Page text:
What, however, does this mean for occupational health? Occupational health in the last 50 years has strived for a C-suite chair at the boardroom table. It has, too often, been perceived as a Cinderella specialty while our colleagues in health and safety, let alone within HR, always seem to get the board’s ear.
As practitioners, we all know that OH is very much a must-have resource for any organisation. What we may be going to see with the new amendment to the regulations is the C-suite finally catch up with recognising this.
The C-suite reserve’s about allowing OH its long-awaited place at the table is set to be shattered and OH can/will/should become an integral cog within their operational strategy moving forward for the next decade.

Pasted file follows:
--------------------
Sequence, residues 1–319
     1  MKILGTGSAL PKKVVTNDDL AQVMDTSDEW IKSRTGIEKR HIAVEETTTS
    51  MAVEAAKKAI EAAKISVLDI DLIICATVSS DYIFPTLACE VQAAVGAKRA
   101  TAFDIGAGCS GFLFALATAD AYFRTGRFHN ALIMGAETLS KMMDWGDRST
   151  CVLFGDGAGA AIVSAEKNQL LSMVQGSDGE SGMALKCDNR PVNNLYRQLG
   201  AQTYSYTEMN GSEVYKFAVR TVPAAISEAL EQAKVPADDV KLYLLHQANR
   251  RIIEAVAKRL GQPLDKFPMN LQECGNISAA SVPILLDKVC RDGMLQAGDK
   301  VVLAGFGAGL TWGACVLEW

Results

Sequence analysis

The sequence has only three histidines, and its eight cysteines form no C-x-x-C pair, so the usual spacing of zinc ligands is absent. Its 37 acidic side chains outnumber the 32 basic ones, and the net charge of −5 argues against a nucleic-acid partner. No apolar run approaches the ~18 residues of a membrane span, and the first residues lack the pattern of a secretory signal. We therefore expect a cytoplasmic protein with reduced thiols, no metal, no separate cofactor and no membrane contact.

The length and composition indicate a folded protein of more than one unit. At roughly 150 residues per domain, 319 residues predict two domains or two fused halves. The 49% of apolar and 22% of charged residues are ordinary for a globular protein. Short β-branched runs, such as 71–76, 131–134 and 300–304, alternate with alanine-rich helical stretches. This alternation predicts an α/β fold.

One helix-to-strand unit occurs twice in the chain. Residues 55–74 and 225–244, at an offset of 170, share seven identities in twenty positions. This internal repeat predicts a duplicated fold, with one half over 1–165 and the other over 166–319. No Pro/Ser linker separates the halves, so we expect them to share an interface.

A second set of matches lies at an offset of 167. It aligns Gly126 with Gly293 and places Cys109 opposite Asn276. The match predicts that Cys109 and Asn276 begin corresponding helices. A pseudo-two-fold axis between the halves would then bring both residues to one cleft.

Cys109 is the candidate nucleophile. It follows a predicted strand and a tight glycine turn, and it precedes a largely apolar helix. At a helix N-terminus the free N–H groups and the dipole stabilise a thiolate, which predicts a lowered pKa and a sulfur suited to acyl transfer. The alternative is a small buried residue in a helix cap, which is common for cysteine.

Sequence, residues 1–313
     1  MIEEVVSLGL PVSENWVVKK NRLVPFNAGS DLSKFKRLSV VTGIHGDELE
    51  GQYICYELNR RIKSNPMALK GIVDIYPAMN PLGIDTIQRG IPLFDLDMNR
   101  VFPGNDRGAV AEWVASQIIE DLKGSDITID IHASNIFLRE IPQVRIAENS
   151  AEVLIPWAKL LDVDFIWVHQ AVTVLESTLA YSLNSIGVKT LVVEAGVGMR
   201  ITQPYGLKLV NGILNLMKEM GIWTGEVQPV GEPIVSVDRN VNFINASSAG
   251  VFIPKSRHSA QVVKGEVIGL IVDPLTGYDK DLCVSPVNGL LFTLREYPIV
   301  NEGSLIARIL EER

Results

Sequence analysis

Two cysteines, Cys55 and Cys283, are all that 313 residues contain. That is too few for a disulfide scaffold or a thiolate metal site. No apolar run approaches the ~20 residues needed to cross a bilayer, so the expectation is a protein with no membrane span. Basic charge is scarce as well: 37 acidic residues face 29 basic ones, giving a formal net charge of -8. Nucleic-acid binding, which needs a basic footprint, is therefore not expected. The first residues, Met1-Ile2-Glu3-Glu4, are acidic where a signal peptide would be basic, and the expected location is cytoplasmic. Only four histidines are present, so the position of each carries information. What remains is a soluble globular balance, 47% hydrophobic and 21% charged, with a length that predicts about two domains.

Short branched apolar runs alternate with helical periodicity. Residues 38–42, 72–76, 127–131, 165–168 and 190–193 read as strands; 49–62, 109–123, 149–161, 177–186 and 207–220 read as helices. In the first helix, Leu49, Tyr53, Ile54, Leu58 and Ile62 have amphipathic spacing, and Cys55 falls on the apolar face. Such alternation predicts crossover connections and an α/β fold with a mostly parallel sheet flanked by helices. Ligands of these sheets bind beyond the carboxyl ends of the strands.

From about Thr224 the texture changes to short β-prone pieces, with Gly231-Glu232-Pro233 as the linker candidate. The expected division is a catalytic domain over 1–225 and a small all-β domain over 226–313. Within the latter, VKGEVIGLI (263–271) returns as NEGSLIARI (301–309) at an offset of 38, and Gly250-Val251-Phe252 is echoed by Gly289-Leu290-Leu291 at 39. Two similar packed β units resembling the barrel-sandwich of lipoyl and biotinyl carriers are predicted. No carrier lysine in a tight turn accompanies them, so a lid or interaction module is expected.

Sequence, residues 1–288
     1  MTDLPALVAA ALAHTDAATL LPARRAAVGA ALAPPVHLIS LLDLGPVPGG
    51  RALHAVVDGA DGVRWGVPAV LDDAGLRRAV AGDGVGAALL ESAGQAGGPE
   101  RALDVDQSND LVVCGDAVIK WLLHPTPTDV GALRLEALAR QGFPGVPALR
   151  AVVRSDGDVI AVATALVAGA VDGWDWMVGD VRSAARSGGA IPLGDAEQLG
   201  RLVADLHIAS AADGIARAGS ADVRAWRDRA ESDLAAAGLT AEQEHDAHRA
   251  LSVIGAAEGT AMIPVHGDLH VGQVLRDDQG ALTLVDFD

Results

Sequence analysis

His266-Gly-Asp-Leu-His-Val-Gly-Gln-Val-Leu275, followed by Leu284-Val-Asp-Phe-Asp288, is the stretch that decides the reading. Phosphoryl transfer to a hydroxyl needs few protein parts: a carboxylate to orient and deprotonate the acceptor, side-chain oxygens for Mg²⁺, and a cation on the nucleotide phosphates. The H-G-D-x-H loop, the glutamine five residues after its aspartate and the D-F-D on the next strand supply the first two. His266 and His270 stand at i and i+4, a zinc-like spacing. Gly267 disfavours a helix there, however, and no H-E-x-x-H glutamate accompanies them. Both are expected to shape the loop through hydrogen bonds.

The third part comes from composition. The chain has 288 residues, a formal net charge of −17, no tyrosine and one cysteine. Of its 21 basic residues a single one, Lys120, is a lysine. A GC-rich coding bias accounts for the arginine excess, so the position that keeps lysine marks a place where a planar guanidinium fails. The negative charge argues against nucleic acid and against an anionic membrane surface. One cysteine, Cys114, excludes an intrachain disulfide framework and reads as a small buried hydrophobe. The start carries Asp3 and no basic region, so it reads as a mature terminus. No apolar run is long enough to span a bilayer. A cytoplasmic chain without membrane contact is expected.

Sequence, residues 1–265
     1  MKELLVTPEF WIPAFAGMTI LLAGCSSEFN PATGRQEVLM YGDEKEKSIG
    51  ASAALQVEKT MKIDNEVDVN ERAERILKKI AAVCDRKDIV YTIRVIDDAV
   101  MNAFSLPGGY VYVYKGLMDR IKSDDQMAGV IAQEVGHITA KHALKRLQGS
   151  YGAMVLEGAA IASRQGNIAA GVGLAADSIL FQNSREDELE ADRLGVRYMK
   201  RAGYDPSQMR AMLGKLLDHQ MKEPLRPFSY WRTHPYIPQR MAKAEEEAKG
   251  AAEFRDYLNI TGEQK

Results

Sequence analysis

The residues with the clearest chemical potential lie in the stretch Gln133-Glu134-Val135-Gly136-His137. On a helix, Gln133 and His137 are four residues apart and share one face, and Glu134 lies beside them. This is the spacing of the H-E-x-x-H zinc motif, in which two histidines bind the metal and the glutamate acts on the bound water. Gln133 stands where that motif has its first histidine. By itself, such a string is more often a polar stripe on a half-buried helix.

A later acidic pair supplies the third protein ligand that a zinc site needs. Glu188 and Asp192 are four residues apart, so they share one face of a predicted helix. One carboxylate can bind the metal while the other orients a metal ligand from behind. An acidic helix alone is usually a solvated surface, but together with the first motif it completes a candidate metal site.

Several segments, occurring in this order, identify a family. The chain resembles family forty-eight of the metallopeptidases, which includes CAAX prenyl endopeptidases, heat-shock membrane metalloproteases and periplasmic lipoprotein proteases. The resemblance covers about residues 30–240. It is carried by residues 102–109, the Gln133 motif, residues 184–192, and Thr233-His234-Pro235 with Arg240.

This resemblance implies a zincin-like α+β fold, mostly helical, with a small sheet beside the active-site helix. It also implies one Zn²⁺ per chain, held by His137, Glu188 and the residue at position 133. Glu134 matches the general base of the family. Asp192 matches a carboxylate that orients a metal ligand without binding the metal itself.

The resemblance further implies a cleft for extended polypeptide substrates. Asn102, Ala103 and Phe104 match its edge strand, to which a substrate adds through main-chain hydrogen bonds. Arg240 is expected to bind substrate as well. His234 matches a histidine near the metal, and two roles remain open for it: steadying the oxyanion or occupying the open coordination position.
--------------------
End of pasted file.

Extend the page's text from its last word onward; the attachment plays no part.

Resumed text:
That is, I appreciate, quite a prediction but I don’t believe it is unwarranted. If, as the regulation amendment has laid down, organisations are going to have to establish a ‘new normal’ of annual biopsychosocial assessments through every level of the organisation, or risk public opprobrium and humiliation from the inevitable visit from the health and safety executive inspectors, who is going to have the skills and expertise to do that other than occupational health?
In sum, Boris Johnson and his conservative government has just delivered access to occupational health for every employee in the UK as a legal requirement, regardless of organisation size – as only a clinician can assess an individual’s psychological health. But very few people, let alone (in all likelihood) the government itself, appears to have fully recognised and appreciated this.